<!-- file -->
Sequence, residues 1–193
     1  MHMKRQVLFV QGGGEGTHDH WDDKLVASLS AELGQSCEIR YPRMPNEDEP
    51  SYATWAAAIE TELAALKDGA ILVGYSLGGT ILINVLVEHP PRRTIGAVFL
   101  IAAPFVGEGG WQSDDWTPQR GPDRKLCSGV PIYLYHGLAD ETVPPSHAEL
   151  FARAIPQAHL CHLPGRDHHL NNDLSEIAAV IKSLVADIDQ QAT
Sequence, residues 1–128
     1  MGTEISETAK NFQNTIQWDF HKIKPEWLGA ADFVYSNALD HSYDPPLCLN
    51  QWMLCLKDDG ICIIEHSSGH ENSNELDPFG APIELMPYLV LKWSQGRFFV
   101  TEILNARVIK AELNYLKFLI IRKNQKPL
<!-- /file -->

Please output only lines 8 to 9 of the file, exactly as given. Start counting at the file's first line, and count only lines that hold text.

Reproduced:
    51  QWMLCLKDDG ICIIEHSSGH ENSNELDPFG APIELMPYLV LKWSQGRFFV
   101  TEILNARVIK AELNYLKFLI IRKNQKPL